Currently, the largest linked ski area in the world is the Portes du Soleil area in the Northern French and Swiss Alps. The area benefits from North facing slopes and the highest average snowfall in the Alps, meaning that Avoriaz and Chatel tend to get some of the best snow conditions in Europe from the start to the end of the season. In fact, the lifts of Avoriaz often stay open until the first weekend in May. Not bad for a resort with no glacier who's lifts only go up to 2500 m!

Avoriaz is a striking purpose built resort built on an impressive cliff top at 1800 m. Its architecture evokes a mixed response. It is extremely convenient for skiing and is right at the centre of the Portes du Soleil.

Of course, purpose built resorts are not for everyone, and if you would prefer a more traditional chalet style resort, then Chatel might be for you.

Chatel is built on the side of a sunny south/west facing slope so visitors staying in the village get beautiful views up and down the picturesque Vallee d'Abondance. However, the strength of Chatel lies in its spectacular North facing ski slopes of Linga & Pre La Joux. These areas have some of the most exciting and interesting terrain in the whole of the Portes du Soleil, and two chairlifts will take you up to Avoriaz in about 10 minutes or so.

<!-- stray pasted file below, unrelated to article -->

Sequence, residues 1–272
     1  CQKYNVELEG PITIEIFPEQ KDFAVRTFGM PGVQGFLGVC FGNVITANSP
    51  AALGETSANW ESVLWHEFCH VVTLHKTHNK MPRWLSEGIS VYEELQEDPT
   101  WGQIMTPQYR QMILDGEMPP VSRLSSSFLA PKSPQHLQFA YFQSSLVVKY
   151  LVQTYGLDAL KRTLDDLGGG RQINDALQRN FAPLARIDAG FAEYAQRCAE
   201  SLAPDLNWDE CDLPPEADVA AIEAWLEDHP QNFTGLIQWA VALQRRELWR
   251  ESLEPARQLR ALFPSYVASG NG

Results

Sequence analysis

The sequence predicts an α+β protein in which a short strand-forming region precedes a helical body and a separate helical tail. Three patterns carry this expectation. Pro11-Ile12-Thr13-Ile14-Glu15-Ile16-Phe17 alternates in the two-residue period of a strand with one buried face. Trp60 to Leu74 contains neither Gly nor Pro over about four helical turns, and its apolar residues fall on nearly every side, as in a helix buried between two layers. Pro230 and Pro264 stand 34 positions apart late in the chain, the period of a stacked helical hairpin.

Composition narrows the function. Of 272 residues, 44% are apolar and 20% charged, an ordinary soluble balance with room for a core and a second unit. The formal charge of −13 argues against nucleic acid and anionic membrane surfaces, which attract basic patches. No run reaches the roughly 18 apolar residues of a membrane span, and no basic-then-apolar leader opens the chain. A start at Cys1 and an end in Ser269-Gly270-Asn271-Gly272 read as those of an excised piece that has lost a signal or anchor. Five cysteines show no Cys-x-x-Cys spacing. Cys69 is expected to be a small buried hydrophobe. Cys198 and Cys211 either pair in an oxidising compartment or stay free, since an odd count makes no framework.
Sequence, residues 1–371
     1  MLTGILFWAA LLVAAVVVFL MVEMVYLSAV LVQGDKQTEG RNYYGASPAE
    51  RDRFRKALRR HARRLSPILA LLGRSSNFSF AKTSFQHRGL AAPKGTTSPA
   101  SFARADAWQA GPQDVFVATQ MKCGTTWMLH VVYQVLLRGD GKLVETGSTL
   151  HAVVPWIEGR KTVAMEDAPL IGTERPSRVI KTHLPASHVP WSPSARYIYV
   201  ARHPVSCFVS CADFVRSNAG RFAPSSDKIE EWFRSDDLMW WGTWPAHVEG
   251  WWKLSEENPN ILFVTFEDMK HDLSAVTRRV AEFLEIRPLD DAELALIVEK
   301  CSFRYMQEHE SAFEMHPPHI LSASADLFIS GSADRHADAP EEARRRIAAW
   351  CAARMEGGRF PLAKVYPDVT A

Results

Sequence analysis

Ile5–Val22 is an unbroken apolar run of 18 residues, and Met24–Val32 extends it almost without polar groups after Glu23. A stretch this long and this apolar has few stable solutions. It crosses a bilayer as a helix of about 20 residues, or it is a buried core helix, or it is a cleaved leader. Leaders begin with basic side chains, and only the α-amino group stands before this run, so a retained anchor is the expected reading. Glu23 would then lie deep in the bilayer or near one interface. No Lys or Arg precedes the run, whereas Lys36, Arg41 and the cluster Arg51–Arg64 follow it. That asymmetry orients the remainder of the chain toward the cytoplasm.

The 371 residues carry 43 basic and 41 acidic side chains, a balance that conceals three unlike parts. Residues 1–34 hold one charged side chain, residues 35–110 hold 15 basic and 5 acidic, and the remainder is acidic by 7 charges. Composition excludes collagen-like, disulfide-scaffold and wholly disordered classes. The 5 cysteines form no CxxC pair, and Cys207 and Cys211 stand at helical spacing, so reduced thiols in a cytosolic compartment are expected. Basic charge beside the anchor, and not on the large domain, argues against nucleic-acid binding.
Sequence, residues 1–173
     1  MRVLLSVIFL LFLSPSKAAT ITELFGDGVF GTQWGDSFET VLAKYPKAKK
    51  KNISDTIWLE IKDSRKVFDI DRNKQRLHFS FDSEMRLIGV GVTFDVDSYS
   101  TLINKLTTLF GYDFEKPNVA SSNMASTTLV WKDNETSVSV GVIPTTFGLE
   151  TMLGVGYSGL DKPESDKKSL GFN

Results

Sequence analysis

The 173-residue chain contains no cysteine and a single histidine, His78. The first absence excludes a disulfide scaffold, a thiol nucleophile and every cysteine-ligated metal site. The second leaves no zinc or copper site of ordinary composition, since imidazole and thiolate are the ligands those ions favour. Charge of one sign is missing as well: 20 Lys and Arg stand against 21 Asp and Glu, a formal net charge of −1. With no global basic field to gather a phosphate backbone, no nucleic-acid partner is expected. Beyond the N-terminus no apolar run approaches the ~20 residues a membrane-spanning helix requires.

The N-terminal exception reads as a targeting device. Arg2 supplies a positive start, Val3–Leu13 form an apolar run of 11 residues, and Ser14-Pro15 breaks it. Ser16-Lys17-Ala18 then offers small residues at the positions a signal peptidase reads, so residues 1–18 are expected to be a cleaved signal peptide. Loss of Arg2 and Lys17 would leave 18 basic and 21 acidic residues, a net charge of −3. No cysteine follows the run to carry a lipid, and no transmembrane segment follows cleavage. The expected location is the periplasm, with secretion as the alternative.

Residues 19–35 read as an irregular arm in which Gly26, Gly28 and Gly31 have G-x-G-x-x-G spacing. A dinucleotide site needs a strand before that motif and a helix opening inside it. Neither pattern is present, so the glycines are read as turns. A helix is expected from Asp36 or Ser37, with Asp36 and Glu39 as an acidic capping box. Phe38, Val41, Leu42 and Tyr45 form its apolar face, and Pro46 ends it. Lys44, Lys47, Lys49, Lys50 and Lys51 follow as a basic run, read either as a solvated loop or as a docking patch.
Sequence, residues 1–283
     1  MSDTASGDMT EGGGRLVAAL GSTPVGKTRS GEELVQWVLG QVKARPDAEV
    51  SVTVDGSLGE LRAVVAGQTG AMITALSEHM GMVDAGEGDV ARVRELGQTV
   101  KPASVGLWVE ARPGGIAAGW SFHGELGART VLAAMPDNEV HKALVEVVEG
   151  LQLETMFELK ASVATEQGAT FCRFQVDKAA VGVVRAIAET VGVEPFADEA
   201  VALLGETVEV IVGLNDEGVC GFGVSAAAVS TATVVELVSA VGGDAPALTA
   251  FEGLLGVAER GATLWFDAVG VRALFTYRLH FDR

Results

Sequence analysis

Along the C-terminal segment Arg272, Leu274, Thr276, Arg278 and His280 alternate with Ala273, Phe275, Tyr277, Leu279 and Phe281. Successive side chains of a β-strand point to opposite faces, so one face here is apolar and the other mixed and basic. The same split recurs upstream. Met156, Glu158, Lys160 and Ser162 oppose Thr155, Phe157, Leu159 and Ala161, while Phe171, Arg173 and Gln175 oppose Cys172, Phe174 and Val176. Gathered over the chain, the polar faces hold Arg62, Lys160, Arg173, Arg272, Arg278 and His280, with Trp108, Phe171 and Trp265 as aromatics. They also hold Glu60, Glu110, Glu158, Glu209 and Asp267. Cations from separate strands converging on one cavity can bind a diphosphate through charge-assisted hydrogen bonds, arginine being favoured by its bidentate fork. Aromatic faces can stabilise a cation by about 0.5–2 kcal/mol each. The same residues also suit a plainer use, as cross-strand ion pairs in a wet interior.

The area gets a phenomenal amount of snow on an annual basis, and because of its aspect, it keeps it well. The domain often gets slated for its low altitude (1200 - 2500 m) but those in the know have long since realised that a high altitude resort is no good if the area doesn't generally get much snow!

Chatel itself is a beautiful place to stay. All the buildings are chalet style and there are a number of original old farms still full of cows to be found in and around the village centre. There isn't just skiing to keep holidaymakers entertained - the village has two cinemas, an ice rink, a lake where you can go ice diving, lots of fantastic bars & restaurants, spa facilities in a number of hotels and a whole list of non-ski related activities such as dog sledding, snow shoeing and paragliding.

One of the best things about Chatel is that it is relatively undiscovered. It attracts "people in the know" who want to avoid the crowds and find the most extensive skiing in the best areas.

For more information on this beautiful resort, you can visit the Chatel tourist office site (http://www.chatel.com).

The village also makes a spectacular destination in summer, but that needs a separate article dedicating to summer in Chatel.

Ed Ockelton lives and works in the Alps, and runs ski holidays in Chatel with White-Peak Holidays (http://www.white-peak.com). He also works as a ski journalist for a number of ski related websites.

Article Source: Chatel - The Best Kept Secret in the French Alps

 
Hannibal of Carthage as a boy watched his father Hamilcar Barca go off to wars, and by the age of nine Hannibal accompanied his father to battles into Spain. Soon hardened by the roughness and brutality of war Hannibal matured quickly. Hannibal, son of the famous General began to prove his own personal worth. As he grew into a man Hannibal was given more and more authority of troops and he proved a gifted leader.
Hannibal, born in Carthage in 247 BC, Hannibal grew up in comfort and ease in Carthage, a tropical paradise in those times.